Well, my world is certainly upside down and my mind is still trying to tell me how it should look!  Let’s see what the universe paints for me….

The hanging sign in front might read-

Farmgirl

School-Art-Farm-Books-Herbal Remedies

On Pumpkin Hollow Farm….

Early Autumn

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The school bus rambles down the main road as the sun hovers low while slowly making its ascent.  Sounds from the football field yonder bring to mind glorious fall days; of young men running, yelling, crowds in the small town bandstands cheering.  The leaves are turning brilliant shades of gold in the highest cottonwoods.  Autumn has snuck in early whispering cool breaths in the early morning hours and in the evening too.

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My mother’s 61st birthday is today.  I hope she has a wonderful day!  We always considered her birthday to be in summer.  We didn’t start school until September and the days were still hot.  Summer arrived late this year and it seems she was only visiting on her way to Tahiti for the next season has arrived in her place.

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Autumn is my favorite time of year but I am not ready for the impending cold that accompanies.  I long for a few more months of warm summer days.  The air is crisp and bright full of birdsong and daytime warmth.

I sigh.  “Alright Fall, you can come in.  I’ll get my sweater.”

When Homesteading is Life

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When one is faced with starting over there is an underlying gift involved.  One that creates space.  Yes, it is sad to lose everything one owns and it is odd to have to reinvent one’s occupation and lifestyle but what this creates is a place to only bring back in what one loves.  What one needs.  What improves life and doesn’t clutter or overwhelm it.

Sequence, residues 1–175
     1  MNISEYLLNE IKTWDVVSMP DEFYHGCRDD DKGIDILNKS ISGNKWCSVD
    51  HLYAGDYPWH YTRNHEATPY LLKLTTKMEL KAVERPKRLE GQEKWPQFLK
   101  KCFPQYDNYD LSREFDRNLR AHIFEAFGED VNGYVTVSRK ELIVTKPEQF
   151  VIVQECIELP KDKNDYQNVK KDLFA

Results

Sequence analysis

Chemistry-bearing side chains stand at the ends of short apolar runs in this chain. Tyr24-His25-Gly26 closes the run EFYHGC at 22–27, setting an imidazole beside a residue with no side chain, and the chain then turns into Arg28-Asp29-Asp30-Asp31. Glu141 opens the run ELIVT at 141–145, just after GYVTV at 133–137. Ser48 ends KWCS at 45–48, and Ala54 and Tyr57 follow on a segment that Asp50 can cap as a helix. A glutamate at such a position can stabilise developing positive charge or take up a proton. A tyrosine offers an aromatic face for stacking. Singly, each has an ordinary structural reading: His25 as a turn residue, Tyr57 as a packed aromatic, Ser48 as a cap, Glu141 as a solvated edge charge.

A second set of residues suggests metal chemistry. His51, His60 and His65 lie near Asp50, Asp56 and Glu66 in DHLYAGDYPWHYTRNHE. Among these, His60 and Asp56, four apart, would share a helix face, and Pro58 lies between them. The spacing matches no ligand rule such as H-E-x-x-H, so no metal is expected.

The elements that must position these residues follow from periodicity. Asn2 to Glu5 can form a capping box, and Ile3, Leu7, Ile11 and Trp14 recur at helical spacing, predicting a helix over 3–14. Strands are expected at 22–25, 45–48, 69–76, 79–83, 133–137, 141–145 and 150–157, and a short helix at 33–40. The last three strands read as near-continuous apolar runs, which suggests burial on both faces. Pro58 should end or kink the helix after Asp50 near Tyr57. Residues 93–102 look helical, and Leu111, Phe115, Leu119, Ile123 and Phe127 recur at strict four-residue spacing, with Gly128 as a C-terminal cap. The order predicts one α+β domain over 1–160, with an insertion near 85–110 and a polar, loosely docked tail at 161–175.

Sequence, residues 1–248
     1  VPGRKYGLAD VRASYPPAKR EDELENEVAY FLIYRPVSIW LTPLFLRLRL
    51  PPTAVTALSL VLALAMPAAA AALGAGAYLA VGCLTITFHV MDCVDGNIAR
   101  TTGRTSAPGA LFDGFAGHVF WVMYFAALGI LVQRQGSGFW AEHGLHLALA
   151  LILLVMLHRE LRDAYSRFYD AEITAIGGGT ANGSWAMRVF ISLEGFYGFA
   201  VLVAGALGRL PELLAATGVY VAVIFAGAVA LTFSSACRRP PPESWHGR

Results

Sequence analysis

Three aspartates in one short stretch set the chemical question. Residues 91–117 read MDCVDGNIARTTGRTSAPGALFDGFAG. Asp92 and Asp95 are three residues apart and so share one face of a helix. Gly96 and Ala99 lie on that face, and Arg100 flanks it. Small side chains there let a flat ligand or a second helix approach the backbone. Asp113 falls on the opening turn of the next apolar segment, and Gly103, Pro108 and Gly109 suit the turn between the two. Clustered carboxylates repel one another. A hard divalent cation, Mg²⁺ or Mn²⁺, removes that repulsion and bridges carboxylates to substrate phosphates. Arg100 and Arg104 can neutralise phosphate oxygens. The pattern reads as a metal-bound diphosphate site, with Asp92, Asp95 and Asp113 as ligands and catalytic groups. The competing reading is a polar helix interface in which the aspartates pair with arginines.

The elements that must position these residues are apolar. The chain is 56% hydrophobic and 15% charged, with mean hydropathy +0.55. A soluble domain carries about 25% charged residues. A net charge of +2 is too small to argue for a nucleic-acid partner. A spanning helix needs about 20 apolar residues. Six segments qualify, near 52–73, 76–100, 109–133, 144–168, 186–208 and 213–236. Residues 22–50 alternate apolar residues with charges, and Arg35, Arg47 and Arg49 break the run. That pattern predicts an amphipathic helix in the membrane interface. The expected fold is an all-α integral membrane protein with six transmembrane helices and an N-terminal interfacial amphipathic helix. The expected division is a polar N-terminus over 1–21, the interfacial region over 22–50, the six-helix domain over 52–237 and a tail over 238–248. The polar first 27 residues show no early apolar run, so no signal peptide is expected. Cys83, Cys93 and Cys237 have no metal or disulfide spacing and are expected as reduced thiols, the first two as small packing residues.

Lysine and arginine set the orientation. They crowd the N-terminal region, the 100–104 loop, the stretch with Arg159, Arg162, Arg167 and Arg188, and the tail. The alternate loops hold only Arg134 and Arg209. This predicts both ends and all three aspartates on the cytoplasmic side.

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I am living in a beautiful home with friends.  Electricity is used as needed and sometimes when not.  I have relearned to use a dishwasher and a dryer.  We flip on lamps to read.  I walk around their house in the evening squinting for the overhead lights are so bright.  I do not like overhead or artificial lights.  My forever farm will have oil lamps again.  I miss them, love them, feel better by them, and will not miss turning on the switch.

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I rinse and lightly scrub dishes and put them in the dishwasher.  One more good rub and these dishes could be put away.  I do not feel I need one.  The dryer has been fun and makes laundry day a snap with these beautiful machines but I miss hearing the flick of the clothes as I snap them in the air before placing them on the line while listening to birds and taking a few breaths to myself as I enjoy the outdoors.  My clothes, wrinkle free and not shrunk coming off the line in piles of aroma that could not be matched with dryer sheets.  “Perhaps I will love city life again or at least modern conveniences,” I thought.  Wrong.

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Right now we don’t miss milking twice a day but we really miss our chickens.  I haven’t eaten more than four servings of fresh food all summer.  My gardens filled with bounty in my memory and planning.  No eggs, no produce, and no milk on hand is sobering.  Maybe we will get a milking goat again, I know not as of yet, but the chickens and gardens will be taking over available space on the forever farm.

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Our neighbors hope we get the place.  They miss us and our goats.  We have only been farmless for a month and a half so perhaps more things I miss will come up.  But we will start house with as little as if we have just left home.  Mementos and little else.  No clutter, only build what we love and treasure in our new home.

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We are having trouble securing work that pays over minimum wage despite our experience and education.  Another interesting dilemma.  But, we are following open doors and not trying to force our way through bolted ones.  Let’s see where this meandering path leads us.

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“It’s a good thing you know how to homestead!,” my friend exclaimed.  She said that most people faced with our situation moving to the country with little wages would think they wouldn’t survive!

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I know how to build a fire, how to can, how to preserve, I know friends who raise their own livestock for meat, I know how to make bread from scratch, and how to make a corn field come up in a driveway.  I am not worried.  I got this.